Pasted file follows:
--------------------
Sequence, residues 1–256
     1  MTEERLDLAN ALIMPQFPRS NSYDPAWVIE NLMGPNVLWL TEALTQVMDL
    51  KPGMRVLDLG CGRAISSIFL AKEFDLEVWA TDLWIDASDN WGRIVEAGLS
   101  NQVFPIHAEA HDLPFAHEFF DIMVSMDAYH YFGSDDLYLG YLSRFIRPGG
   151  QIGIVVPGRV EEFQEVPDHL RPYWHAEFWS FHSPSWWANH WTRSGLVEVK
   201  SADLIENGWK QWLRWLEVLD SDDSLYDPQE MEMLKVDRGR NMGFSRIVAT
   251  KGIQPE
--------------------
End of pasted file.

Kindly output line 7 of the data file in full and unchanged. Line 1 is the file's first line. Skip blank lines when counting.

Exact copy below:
   251  KGIQPE